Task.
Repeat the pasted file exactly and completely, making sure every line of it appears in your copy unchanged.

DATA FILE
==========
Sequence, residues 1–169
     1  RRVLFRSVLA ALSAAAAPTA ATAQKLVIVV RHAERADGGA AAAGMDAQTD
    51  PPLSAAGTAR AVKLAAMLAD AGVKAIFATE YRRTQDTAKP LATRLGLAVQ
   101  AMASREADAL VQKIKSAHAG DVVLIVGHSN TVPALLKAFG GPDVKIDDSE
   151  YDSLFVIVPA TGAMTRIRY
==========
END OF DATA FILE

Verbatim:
Sequence, residues 1–169
     1  RRVLFRSVLA ALSAAAAPTA ATAQKLVIVV RHAERADGGA AAAGMDAQTD
    51  PPLSAAGTAR AVKLAAMLAD AGVKAIFATE YRRTQDTAKP LATRLGLAVQ
   101  AMASREADAL VQKIKSAHAG DVVLIVGHSN TVPALLKAFG GPDVKIDDSE
   151  YDSLFVIVPA TGAMTRIRY